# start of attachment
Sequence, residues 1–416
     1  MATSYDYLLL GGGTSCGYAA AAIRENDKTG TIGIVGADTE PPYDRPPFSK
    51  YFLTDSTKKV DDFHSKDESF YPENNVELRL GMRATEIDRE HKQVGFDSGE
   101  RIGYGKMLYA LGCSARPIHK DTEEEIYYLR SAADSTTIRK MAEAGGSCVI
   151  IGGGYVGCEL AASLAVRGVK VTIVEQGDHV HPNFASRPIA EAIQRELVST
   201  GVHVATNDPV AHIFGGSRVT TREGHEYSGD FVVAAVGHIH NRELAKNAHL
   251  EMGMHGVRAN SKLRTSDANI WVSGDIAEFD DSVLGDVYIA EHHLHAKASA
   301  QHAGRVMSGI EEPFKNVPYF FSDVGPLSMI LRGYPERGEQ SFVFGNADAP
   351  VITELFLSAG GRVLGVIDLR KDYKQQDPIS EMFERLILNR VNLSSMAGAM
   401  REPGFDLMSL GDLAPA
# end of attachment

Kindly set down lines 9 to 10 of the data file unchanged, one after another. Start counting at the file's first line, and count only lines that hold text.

   351  VITELFLSAG GRVLGVIDLR KDYKQQDPIS EMFERLILNR VNLSSMAGAM
   401  REPGFDLMSL GDLAPA